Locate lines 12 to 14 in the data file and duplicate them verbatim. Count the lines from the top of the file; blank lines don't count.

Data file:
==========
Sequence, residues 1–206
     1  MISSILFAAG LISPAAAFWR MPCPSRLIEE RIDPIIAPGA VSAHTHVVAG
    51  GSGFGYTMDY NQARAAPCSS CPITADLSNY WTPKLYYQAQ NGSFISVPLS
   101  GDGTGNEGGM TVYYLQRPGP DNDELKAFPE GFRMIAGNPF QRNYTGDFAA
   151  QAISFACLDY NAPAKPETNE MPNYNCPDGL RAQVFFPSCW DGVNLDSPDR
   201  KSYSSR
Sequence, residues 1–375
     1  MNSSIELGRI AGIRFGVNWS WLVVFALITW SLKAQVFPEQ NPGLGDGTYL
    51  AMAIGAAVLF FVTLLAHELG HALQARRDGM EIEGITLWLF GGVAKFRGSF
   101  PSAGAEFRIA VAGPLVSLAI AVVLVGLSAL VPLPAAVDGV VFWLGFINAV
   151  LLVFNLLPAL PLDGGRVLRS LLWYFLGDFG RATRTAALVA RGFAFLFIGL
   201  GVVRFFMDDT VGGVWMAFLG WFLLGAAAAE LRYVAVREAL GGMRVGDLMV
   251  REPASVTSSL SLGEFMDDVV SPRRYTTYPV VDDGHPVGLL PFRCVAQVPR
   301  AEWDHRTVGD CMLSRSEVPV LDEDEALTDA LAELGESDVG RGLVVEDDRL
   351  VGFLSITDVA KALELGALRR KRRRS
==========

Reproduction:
   201  GVVRFFMDDT VGGVWMAFLG WFLLGAAAAE LRYVAVREAL GGMRVGDLMV
   251  REPASVTSSL SLGEFMDDVV SPRRYTTYPV VDDGHPVGLL PFRCVAQVPR
   301  AEWDHRTVGD CMLSRSEVPV LDEDEALTDA LAELGESDVG RGLVVEDDRL